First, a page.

After confirming the presence of several GFP-expressing cells in sections containing PreS under a fluorescent microscope, all sections were immunostained with antibody against purified GFP. Sections were first incubated in PBS containing 0.1% hydrogen peroxide for 1 h at room temperature and washed in PBS. Sections were then incubated overnight at 4°C with anti-GFP antibody solution (1:500, A11120; Molecular Probes, Eugene, OR, USA; Table 2) containing 0.3% Triton X-100 and 1% normal donkey serum (NDS) in PBS. After rinses with PBS, sections were incubated in biotinylated anti-mouse IgG solution (1:100, AP192B; Millipore, Temecula, CA, USA; Table 2) containing 0.3% Triton X-100 and 1% NDS in PBS for 1 h at room temperature. Following a series of rinses with PBS, sections were incubated in avidin-biotin complex solution (Vectastain ABC Elite kit; Vector Laboratories, Burlingame, CA, USA). Sections were rinsed in PBS and placed in a solution of 0.05% 3,3′-diamininobenzidine-4HCl (DAB), 0.4% nickel (II) acetate, and 0.005% H2O2 in 50 mM Tris-HCl buffer (pH 7.6) for 30 min at room temperature. After several washes in Tris-buffered saline (TBS), all sections were serially mounted on gelatin-coated slides and counterstained with neutral red. Sections were then dehydrated in an ethanol series, cleared with xylene, and coverslipped.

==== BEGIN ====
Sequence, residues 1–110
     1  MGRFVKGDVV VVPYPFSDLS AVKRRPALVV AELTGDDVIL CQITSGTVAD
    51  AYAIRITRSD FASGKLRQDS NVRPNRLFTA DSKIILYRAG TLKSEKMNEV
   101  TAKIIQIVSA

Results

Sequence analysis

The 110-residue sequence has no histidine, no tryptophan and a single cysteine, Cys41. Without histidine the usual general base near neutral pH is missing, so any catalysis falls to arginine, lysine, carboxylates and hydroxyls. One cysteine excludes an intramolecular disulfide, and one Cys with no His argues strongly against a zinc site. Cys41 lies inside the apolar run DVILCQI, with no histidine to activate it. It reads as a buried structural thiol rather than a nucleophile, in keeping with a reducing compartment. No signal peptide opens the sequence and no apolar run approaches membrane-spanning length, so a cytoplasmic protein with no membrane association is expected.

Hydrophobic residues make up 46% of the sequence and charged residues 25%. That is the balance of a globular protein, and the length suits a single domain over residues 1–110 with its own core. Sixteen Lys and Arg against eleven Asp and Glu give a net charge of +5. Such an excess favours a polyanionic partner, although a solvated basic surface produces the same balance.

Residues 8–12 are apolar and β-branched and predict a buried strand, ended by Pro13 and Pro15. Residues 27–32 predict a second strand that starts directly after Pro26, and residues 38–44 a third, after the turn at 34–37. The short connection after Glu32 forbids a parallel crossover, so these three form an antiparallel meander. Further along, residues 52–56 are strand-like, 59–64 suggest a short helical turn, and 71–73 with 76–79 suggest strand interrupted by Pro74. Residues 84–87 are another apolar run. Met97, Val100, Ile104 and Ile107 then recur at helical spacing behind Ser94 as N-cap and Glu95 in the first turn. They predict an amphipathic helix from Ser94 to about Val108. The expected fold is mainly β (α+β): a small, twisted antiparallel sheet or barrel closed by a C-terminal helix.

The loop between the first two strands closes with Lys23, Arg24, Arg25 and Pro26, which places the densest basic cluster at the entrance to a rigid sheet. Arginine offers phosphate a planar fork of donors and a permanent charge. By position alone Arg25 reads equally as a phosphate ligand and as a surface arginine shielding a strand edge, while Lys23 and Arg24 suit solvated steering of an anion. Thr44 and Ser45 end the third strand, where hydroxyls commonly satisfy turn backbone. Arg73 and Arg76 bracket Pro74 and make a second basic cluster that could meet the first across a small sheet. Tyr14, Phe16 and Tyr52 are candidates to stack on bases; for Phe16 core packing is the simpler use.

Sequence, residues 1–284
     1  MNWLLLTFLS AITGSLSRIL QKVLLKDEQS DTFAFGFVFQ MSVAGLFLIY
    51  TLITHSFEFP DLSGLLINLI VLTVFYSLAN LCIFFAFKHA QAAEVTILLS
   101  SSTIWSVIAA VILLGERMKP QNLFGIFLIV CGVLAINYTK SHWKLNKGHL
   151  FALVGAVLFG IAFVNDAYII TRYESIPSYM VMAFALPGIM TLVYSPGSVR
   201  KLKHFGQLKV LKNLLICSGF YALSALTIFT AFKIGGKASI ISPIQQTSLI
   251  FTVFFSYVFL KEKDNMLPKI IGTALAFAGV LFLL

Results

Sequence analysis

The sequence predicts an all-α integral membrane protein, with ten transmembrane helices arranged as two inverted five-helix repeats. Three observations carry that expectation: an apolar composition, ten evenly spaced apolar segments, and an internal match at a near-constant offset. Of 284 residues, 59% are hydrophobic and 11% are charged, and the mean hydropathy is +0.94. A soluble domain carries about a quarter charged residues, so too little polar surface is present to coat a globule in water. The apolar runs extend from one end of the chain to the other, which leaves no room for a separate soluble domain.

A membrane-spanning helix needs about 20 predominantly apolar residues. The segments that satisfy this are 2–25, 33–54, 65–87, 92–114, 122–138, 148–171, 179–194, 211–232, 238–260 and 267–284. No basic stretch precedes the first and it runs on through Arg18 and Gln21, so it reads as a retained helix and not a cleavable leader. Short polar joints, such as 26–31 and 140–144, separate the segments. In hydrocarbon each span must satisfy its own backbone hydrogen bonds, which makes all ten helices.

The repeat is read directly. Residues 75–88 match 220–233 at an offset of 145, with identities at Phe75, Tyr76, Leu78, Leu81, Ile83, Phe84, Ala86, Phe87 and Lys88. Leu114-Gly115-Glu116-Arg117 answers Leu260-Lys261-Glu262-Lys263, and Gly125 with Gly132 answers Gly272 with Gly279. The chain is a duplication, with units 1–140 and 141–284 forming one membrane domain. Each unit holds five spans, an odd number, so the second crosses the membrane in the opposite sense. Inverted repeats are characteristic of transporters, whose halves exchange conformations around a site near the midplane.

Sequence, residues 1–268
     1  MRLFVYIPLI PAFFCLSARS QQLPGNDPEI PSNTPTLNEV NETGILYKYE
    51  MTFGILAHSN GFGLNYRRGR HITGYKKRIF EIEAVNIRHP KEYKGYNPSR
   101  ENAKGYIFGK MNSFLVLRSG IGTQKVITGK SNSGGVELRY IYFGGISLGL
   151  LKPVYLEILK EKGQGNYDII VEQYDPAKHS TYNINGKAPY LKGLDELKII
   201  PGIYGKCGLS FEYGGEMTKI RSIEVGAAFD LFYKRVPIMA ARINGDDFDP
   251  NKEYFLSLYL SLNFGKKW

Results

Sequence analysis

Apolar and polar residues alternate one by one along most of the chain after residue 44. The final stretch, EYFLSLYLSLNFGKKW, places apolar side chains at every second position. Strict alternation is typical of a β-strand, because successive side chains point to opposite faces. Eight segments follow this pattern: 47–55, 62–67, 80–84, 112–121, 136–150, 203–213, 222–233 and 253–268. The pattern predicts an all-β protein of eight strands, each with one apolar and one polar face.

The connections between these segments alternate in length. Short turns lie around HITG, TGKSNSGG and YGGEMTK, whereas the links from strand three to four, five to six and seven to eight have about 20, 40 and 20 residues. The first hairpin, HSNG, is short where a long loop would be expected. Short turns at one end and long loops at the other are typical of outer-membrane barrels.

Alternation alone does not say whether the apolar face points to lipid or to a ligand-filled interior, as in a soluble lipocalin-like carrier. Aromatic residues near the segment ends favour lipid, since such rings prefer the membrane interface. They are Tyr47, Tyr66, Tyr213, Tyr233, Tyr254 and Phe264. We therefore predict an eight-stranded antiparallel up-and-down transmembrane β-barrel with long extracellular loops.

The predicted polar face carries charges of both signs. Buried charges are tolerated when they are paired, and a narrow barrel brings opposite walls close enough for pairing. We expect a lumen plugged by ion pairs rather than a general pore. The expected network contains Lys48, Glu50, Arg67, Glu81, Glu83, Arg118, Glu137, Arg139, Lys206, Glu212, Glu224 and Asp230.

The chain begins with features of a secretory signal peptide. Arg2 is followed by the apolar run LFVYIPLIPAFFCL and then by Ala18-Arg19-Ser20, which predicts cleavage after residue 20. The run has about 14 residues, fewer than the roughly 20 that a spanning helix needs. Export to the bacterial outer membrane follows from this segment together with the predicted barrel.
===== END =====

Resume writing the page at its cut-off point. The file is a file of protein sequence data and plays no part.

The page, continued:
TABLE 2
www.frontiersin.org

Table 2. Antibodies used in this study.

Reconstruction and Imaging of Labeled Neurons